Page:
Future Funds is a bridging loan scheme primarily aimed at pre-profit and pre-revenue high growth businesses, particularly those in the Tech Sector. The scheme is being administered by the British Business Bank (BBB). The headline terms include:
- the business must be an unlisted company whose main business is in the UK;
- the business must have raised at least £250k of equity in the past two years;
- the business must be seeking a BBB bridging loan of between £125k & £5m which must be matched by co-investors;
- if the business is part of a corporate group, only the ultimate parent company, if a UK registered company, is eligible to receive the loan;
- the bridge funding shall be used solely for working capital purposes.
- interest rate: 8% per annum;
- term: 3 years;
- a negative pledge, meaning BBB consent is required for the business to take on other debt finance;
- BBB can sell off batches of the bridging finance loan without the borrower’s consent.
Conversion and repayment
- automatic conversion to equity on company’s next ‘qualifying funding round’ (which in broad terms is an where the amount raised through an equity issue at least equal to the aggregate of the bridging finance);
- option for equity holders to convert the BBB loan on an ‘non-qualifying funding round’;
- BBB to receive at least 20% discount on the equity subscription issue price if the loan converted to equity;
- at the expiry of the term, if the loan has not converted to equity, twice the amount borrowed must be repaid.
For a scheme billed as being a significant business support measure for early stage businesses, the reality is that there is plenty of detail to take work through, in terms of eligibility, equity conversion and onerous terms.
- Convertible loans are a sensible way for early stage business to quickly and easily raise finance, while giving the UK tax payer the possibility of sharing the upside value created by such business (unless the bridging loans are sold off).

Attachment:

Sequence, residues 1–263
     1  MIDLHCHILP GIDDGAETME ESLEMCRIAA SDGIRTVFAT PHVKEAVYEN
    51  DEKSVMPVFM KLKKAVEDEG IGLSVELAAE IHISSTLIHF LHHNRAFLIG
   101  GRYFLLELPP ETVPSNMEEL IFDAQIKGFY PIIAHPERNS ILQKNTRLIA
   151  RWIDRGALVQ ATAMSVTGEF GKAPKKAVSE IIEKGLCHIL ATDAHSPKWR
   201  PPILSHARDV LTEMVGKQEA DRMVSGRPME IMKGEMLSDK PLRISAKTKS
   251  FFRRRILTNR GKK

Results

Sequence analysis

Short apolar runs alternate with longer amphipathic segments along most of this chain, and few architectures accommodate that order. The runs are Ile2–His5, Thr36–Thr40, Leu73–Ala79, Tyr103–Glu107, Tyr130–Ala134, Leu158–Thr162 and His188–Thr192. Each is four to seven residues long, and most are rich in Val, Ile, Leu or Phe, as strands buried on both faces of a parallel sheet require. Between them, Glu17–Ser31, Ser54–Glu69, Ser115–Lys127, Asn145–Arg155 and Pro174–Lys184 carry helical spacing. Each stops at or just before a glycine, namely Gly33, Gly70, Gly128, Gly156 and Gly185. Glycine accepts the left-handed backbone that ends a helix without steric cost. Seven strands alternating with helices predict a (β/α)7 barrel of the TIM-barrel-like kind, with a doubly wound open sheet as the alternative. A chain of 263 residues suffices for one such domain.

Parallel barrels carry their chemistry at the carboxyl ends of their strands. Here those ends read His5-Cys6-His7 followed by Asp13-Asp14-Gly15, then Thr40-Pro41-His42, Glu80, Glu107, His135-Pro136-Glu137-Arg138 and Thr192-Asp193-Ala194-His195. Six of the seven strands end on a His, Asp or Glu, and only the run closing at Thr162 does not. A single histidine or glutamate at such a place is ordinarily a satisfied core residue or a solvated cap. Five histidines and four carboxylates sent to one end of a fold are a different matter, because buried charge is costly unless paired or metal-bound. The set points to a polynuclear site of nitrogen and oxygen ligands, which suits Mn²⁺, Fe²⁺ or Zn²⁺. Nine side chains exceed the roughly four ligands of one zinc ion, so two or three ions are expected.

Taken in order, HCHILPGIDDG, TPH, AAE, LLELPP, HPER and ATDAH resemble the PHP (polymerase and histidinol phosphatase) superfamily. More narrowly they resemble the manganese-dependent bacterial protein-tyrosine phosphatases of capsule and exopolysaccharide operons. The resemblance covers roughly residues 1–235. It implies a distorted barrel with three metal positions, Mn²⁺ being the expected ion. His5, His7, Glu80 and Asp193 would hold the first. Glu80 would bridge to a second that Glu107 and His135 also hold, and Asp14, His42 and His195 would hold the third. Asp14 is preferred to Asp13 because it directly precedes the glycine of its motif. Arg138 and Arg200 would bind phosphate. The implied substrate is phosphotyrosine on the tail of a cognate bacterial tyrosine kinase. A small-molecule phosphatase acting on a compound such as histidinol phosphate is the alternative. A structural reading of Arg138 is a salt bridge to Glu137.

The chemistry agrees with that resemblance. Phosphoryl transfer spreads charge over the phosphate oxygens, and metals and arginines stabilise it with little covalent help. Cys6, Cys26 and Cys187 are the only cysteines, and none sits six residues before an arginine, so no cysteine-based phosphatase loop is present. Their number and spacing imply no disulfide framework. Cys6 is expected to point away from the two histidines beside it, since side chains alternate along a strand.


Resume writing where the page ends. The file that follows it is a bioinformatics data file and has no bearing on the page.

- The scheme creates challenges for early stage businesses to convene meetings with investors to get them to come in alongside BBB’s fairly onerous loan terms, which could leave the existing investors and the founders disadvantaged – existing investors may prefer to provide further investment on existing terms, without adjusting their positions to accommodate BBB.
- The covenants contain a negative pledge, which could adversely impact future rounds of debt funding because BBB consent will be required.
- There is a potential downside for BBB – how many of the companies that make use of the scheme will succeed and how many will fail; how will BBB try to select future ‘winners’?
- As with other Government schemes, business are asking whether BBB will have the resources it needs to enable it to get funds to early stage businesses quickly enough – and at scale.
Well intentioned as it is, for many early stage businesses, the reality may be that the Future Funds scheme is an expensive finance scheme that is too complicated to use in the short timescales within which they need to secure additional working capital. It is likely to be quicker for early stage Tech businesses to receive additional capital from existing investors, most of whom will not wish to see their existing investments fail due to Covid-19. The Bounce Back Loan Scheme (BBLS) or the Covid-19 Business Interruption Loan Scheme (CBILS) may be a cheaper and more appropriate source of finance for many early stage businesses.
For further advice on your finance and banking support, please get in touch with:
- Richard Hiscoke (Legal Director – Corporate)
- Monica Macheng (Partner – Corporate)
- Christian Hunt (Partner - Corporate)
- Louise Leaver (Partner – Banking and Finance)
- David Moore (Partner – Banking and Finance)
For further support and advice relating to the impact of COVID-19, please view our COVID-19 Advisory Service page.